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Study Reports On Debian Governance, Social Organization

CmdrTaco posted more than 6 years ago | from the because-they-can dept.

Debian 65

andremachado writes "Two academic management researchers, Siobhán O'Mahony and Fabrizion Ferraro, performed a detailed scientific study about Debian Project governance and social organization from the management perspective. How did a big non-commercial non-paying community evolve to produce some of the most respectable Operating Systems and applications packages available? Organizations without a consensual basis of authority lack an important condition necessary for their survival. Those with directly democratic forms of participation do not tend to scale well and are noted for their difficulty managing complexity and decision-making — all of which can hasten their demise. The Debian Project community designed and evolved a solid governance system since 1993 able to establish shared conceptions of formal authority, leadership, and meritocracy, limited by defined democratic adaptive mechanisms."

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I thought... (5, Funny)

msauve (701917) | more than 6 years ago | (#23062902)

it was an anarcho-syndicalist commune, where they take it in turns to act as a sort of executive officer for the week, but all the decisions of that officer have to be ratified at a special biweekly meeting.

Re:I thought... (1)

kextyn (961845) | more than 6 years ago | (#23063522)

Where are my mod points when I need them?

Re:I thought... (5, Funny)

ojustgiveitup (869923) | more than 6 years ago | (#23065006)

Help Help! You're being repressed! Come and see the violence inherent in the system!

Sounds Interesting... (0)

Anonymous Coward | more than 6 years ago | (#23063026)

Wish it hadn't been /.'d

fp (-1, Offtopic)

Anonymous Coward | more than 6 years ago | (#23063034)

Nth reply.

By "Nth", I mean 1st.
By "reply", I mean post.

Re:fp (-1, Offtopic)

Anonymous Coward | more than 6 years ago | (#23063350)

F

and by F, I mean fail.

Re:fp (0)

Anonymous Coward | more than 6 years ago | (#23065374)

Win!

Was this sponsored by the federal government? (1)

djones101 (1021277) | more than 6 years ago | (#23063038)

The Debian Project community designed and evolved a solid governance system since 1993 able to stablish shared conceptions of formal authority, leadership and meritocracy, limited by defined democratic adaptive mechanisms.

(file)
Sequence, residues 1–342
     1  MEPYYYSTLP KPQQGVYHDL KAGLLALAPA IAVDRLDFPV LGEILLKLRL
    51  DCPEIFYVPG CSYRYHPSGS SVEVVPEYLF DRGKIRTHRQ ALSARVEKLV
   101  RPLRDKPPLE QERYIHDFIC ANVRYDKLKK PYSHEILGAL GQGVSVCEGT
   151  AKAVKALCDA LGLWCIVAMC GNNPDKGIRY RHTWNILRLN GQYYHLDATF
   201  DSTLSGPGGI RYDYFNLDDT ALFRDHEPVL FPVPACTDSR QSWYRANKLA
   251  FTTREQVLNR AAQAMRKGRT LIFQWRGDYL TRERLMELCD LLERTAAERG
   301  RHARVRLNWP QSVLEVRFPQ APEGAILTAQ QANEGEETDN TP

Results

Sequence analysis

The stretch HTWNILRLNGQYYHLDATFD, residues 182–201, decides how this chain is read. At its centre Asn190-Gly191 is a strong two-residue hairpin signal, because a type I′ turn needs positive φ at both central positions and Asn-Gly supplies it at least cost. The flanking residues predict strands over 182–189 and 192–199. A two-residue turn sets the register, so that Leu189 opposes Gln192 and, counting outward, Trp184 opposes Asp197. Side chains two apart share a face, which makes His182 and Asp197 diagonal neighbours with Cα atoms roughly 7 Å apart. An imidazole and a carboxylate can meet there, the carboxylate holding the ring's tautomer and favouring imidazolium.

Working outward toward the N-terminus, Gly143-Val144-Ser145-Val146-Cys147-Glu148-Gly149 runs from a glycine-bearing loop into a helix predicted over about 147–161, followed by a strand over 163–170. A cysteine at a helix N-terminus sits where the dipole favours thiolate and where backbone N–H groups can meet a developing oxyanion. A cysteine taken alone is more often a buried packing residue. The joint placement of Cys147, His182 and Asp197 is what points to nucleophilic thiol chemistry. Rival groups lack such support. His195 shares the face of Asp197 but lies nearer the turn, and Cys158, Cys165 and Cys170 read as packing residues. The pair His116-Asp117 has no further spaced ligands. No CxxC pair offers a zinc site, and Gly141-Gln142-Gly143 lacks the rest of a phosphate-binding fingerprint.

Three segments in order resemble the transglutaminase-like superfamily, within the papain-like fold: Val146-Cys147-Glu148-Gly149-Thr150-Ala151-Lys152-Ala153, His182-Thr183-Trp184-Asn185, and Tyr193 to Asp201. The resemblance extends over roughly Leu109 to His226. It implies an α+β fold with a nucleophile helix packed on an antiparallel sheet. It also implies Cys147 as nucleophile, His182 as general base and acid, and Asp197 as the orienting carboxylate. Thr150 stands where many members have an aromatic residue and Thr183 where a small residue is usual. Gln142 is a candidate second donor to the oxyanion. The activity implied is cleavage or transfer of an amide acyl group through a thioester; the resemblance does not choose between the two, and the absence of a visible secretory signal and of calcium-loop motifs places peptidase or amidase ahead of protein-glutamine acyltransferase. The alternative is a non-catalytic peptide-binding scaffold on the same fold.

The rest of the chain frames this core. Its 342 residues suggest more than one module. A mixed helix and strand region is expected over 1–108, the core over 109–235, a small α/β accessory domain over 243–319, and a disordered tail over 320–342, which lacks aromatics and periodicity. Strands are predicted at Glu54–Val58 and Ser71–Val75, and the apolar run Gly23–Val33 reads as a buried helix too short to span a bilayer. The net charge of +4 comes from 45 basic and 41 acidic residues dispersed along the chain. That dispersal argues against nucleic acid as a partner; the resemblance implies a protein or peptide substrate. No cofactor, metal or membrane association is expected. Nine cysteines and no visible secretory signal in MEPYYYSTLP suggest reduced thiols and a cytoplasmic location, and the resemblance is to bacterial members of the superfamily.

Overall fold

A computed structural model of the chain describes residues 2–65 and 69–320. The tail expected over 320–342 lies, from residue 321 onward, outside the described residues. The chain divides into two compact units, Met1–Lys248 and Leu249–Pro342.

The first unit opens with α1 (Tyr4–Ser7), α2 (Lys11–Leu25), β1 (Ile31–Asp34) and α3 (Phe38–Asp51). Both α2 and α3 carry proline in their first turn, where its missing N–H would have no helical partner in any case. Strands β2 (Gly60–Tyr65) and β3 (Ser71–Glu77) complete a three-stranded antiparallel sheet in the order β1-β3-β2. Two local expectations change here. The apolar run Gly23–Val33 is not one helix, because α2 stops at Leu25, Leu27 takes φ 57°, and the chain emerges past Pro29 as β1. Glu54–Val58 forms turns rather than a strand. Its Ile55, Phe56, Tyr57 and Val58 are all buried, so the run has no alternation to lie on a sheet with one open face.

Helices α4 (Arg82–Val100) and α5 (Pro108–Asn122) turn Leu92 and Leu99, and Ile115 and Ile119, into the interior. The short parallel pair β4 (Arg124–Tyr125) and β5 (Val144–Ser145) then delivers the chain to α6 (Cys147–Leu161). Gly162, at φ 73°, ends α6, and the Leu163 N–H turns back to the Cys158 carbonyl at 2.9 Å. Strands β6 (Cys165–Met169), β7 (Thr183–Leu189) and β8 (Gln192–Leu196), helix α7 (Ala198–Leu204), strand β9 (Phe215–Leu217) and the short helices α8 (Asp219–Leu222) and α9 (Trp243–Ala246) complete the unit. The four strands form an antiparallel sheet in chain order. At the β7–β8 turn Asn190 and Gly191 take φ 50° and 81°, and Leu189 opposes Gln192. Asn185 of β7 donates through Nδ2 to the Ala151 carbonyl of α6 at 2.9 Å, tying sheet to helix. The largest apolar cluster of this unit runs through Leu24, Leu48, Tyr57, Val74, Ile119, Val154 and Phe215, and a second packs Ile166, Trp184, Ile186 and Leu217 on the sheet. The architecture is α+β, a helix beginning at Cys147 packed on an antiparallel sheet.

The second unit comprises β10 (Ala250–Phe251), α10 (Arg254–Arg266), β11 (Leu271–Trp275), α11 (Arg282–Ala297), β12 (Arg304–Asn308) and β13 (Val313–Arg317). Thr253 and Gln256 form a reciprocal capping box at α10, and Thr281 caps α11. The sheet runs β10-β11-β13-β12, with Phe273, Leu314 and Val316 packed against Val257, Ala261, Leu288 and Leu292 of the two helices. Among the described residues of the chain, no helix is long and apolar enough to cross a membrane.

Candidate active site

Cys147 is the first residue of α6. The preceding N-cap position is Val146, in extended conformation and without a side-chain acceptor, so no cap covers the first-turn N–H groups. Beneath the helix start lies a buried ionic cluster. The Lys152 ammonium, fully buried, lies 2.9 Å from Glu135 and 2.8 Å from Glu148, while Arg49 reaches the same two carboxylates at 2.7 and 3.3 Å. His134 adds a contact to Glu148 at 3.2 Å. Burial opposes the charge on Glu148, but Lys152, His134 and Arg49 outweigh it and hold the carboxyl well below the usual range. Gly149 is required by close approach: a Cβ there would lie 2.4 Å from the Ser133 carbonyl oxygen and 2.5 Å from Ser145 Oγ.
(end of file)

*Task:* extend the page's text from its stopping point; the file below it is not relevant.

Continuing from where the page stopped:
That sure in heck sounds like something the government would put out.

Re:Was this sponsored by the federal government? (4, Funny)

Qzukk (229616) | more than 6 years ago | (#23063724)

That sure in heck sounds like something the government would put out.

Except for the meritocracy part, that implies the people in charge have some sort of qualification for being in charge.

I call shenannigans!!! (0, Troll)

PC and Sony Fanboy (1248258) | more than 6 years ago | (#23063092)

How a big non-commercial non-paying community evolved and actually produces some of the most respectable Operating Systems and applications packages available?


Look, I'm not saying that debian isn't awesome, but who payed them to say that?

Re:I call shenannigans!!! (0)

Anonymous Coward | more than 6 years ago | (#23063616)

It certainly wasn't the Grammar Nazis:

How a big non-commercial non-paying community evolved and actually produces some of the most respectable Operating Systems and applications packages available?

I recognise the words but I cannot parse them. Is this a sentence? What does it mean?

Re:I call shenannigans!!! (1)

TheLinuxSRC (683475) | more than 6 years ago | (#23064604)

My guess:

How did a big non-commercial, non-paying community [evolved and actually] evolve into one that produces some of the most respectable Operating Systems and applications packages available?

Re:I call shenannigans!!! (0)

Anonymous Coward | more than 6 years ago | (#23065208)

How a big non-commercial non-paying community evolved and actually produces some of the most respectable Operating Systems and applications packages available?
How a sentence missing a verb?